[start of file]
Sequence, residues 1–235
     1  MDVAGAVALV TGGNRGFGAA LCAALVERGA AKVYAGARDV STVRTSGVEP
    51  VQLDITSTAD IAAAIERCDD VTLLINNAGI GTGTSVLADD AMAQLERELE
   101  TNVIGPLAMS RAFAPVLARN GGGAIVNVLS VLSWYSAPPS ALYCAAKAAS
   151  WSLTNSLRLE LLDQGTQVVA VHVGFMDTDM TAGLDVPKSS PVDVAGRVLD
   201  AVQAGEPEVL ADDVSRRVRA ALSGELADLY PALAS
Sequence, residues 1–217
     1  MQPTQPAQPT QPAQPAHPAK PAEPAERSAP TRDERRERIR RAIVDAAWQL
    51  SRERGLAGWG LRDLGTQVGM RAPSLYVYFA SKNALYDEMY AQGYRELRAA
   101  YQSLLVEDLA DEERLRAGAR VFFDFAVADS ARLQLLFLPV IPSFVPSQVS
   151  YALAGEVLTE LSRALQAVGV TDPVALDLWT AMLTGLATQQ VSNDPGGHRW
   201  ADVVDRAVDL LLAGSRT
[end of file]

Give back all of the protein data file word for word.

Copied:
Sequence, residues 1–235
     1  MDVAGAVALV TGGNRGFGAA LCAALVERGA AKVYAGARDV STVRTSGVEP
    51  VQLDITSTAD IAAAIERCDD VTLLINNAGI GTGTSVLADD AMAQLERELE
   101  TNVIGPLAMS RAFAPVLARN GGGAIVNVLS VLSWYSAPPS ALYCAAKAAS
   151  WSLTNSLRLE LLDQGTQVVA VHVGFMDTDM TAGLDVPKSS PVDVAGRVLD
   201  AVQAGEPEVL ADDVSRRVRA ALSGELADLY PALAS
Sequence, residues 1–217
     1  MQPTQPAQPT QPAQPAHPAK PAEPAERSAP TRDERRERIR RAIVDAAWQL
    51  SRERGLAGWG LRDLGTQVGM RAPSLYVYFA SKNALYDEMY AQGYRELRAA
   101  YQSLLVEDLA DEERLRAGAR VFFDFAVADS ARLQLLFLPV IPSFVPSQVS
   151  YALAGEVLTE LSRALQAVGV TDPVALDLWT AMLTGLATQQ VSNDPGGHRW
   201  ADVVDRAVDL LLAGSRT